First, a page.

Here's a sample image the company offers:
Now I know why someone on the list said he was cleaning up his place names. When I first began using RootsMagic I didn't use the person fields correctly, putting the place details in the place field. I've discovered the hard way why that's not a good thing! I also made it difficult to use the automatic population of the place detail field. RootsMagic is designed so that when you begin entering a place detail, it comes up automatically if it's already been entered. Chances are you won't want to use the entry "Noble Township, Auglaize Co., OH, USA with cousin Emma Sunderland and husband Albert Bowsher" again.
I decided to begin correcting the entries with the earliest reference numbers, thinking I would find the most number of corrections there. Some have been made already. However, the list doesn't seem to stay sorted in RootsMagic V4 and that's annoying, but workable. I'm not sure what I'm going to do about European place names from the 17th century.
I wonder why a place name has to read "Albany, Albany, NY." Why not "Albany, Albany Co., NY?" There must be some company somewhere that determined it was dropping the "Co." and all other companies followed suit. For nitpickers this is not a good thing. Many times I've come across a designation such as Baltimore, MD, when it meant the county, not the city. Back in the 1700s there was a big difference between the city of Baltimore and the county. It also makes a difference now when you need to know if you're looking for city or county records. I wonder if this place name convention will lead to future confusion in my RootsMagic reports.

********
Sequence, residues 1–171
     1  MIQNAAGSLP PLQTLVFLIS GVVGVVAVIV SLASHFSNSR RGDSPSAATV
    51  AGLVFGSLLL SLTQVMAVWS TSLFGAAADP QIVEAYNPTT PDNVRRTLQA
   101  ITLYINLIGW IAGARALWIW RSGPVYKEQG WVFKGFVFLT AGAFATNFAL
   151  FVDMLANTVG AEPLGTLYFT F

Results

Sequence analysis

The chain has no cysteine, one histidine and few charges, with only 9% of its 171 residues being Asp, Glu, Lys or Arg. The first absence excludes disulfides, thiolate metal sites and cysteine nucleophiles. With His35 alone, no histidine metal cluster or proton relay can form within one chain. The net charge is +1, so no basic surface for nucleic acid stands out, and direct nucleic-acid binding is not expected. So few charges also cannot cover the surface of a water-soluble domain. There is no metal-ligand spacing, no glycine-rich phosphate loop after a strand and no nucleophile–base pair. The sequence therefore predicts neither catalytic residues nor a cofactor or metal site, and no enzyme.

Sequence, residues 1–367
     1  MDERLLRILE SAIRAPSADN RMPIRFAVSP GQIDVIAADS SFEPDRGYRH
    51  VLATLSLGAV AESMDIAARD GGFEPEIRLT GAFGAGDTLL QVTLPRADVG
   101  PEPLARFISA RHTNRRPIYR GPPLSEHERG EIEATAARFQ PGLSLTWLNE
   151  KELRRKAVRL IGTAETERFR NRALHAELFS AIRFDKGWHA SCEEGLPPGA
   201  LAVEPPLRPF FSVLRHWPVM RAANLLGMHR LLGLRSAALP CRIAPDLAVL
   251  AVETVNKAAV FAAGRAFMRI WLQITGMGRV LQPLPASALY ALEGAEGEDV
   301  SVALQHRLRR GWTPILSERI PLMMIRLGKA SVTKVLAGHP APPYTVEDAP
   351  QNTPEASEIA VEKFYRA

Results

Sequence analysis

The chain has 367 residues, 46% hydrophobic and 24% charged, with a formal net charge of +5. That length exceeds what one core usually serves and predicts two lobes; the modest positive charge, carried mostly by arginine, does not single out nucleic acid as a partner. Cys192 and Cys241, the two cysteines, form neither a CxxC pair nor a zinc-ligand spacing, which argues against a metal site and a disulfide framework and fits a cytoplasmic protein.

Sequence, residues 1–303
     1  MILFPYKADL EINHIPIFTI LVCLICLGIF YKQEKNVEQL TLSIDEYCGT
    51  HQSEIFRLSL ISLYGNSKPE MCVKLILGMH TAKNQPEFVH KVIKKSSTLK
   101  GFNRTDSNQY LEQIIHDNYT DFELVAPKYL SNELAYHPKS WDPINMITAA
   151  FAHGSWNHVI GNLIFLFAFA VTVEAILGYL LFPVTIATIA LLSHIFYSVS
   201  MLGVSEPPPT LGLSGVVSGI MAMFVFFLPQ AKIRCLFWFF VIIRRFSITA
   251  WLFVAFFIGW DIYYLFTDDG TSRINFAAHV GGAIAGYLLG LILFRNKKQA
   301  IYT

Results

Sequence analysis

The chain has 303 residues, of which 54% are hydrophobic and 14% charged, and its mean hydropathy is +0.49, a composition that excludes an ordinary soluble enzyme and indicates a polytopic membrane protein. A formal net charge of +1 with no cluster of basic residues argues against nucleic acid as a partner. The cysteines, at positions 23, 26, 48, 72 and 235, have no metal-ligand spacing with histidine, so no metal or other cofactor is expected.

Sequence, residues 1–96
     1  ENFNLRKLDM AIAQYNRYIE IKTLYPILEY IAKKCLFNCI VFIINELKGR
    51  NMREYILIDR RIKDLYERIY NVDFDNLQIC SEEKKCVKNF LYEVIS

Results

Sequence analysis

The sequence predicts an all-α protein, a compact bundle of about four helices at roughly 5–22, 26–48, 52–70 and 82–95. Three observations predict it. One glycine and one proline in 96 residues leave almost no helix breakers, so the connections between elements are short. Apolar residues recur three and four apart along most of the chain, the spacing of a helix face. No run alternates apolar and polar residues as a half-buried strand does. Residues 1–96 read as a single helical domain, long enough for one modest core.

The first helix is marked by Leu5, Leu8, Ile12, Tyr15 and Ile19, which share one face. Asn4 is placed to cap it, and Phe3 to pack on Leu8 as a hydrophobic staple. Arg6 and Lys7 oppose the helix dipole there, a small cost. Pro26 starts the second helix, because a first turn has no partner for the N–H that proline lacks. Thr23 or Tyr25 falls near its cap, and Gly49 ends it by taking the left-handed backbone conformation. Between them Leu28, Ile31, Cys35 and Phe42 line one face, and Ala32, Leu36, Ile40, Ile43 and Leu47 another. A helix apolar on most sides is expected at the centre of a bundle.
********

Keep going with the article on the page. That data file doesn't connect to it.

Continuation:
So when am I going to clean up the place names? Good question. Working on this would probably be good for those times when I'm too hungry to think while I'm waiting for supper to cook, or when I'm too tired and fidgety to concentrate on television or when I have trouble sleeping.
I know how I can play with Family Atlas now! I've done research for other people and the place names should be correct.